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Police threaten girl's charity ride under new laws

CHARITY RIDE: Organiser Marc Revere and Lucy McGrail.
CHARITY RIDE: Organiser Marc Revere and Lucy McGrail. Contributed

A CHARITY motorbike ride will go ahead today despite police warnings that any outlaw bikies who participate would risk being arrested and put the event in jeopardy.

Sunshine Coast resident Marc Revere has organised the event to raise funds for 20-year-old Lucy McGrail, a family friend who is suffering Lyme disease.

Unfortunately, the innocent event has been caught up in potential pitfalls due to Queensland's strict anti-bikie laws.

Should anti-bike laws be used to target charities?

This poll ended on 30 November 2014.

Current Results

No, why would you prevent charity money going to where it's needed?

39%

No, some common sense should be applied.

34%

Yes, the law is the law, no excuses

10%

Yes, if someone's a bikie, they should be arrested even for charity work

15%

This is not a scientific poll. The results reflect only the opinions of those who chose to participate.

"I just want to see a good day for Lucy. I just want to see people come out and ride their bikes and have a good day with no harassment," Mr Revere said.

While the event does not need a permit, police have been informed of the ride as required.

"We do know police will be there, undercover, and out on the roads as well, not there to harass, just to keep an eye on things," he said.

Mr Revere has been warned that, if the event involves three or more outlaw bikie gang members or associates, those riders could risk arrest.

"We will be watched, they will be watching for club members who attend," Mr Revere said.

"If there's more than three members together - it doesn't matter if it's from one club or different clubs, or an associate - they'll be locked up for six months, no bail, and lose their bikes."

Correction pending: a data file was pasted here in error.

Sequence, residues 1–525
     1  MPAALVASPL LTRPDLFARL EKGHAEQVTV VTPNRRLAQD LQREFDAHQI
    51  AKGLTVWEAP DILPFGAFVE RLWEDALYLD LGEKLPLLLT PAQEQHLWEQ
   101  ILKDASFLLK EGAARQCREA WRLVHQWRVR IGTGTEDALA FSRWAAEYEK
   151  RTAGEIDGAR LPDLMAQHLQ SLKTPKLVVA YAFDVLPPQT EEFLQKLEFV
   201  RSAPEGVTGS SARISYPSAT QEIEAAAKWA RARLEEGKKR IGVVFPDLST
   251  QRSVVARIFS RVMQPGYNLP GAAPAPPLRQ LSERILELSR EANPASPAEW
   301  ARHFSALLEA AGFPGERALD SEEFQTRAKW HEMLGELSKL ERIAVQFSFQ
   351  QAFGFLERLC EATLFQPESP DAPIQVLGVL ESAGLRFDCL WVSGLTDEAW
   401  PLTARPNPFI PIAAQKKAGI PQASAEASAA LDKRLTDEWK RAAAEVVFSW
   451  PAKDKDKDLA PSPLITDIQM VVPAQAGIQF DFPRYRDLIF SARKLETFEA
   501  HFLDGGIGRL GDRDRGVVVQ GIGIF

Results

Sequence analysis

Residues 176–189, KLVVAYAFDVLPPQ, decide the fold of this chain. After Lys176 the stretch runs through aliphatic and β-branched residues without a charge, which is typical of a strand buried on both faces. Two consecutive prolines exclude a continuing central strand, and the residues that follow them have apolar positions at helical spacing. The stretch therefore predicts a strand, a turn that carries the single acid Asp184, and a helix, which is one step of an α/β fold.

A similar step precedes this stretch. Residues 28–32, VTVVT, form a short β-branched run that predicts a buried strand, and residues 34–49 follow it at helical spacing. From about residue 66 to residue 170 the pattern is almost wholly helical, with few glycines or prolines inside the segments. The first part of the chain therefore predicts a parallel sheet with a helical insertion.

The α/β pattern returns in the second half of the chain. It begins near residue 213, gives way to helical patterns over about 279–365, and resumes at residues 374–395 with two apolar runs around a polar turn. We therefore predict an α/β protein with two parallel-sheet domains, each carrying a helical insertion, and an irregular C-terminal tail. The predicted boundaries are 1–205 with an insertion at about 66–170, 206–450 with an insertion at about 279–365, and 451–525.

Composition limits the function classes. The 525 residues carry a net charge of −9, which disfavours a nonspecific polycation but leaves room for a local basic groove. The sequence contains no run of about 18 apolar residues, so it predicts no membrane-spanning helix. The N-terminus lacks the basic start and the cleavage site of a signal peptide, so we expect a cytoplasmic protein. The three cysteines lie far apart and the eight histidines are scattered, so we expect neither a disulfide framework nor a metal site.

The event will not be cancelled as it has been advertised for three months in a national motorbike magazine and at local pubs and motorbike shops.

"I haven't invited any bikie club members as such. It's just open to everyone," Mr Revere said.

"If any bikie club members show up, or an associate of clubs, they'll be asked to leave. It's a day for Lucy.

"Australia doesn't recognise Lyme disease, and the money raised will help her get treatment and pay medical bills."

"We want a good day and a good party afterwards at a local pub."

It's the second annual fundraising ride for Lucy. Last year the event raised about $2000 for her treatment and medical bills.

The bike ride starts today at the Apollonian Hotel, Boreen Point, at 10.30am.

The six-hour, 200km ride finishes at the Country Life Hotel, Kin Kin, and includes three stops. Entry is $15 for riders, $5 for passengers. There will be prize giveaways during the ride.

Lyme disease is an infectious condition caused by at least three bacteria and spread by tick bites.

Police did not comment by deadline.

Topics:  anti-bikie laws editors picks



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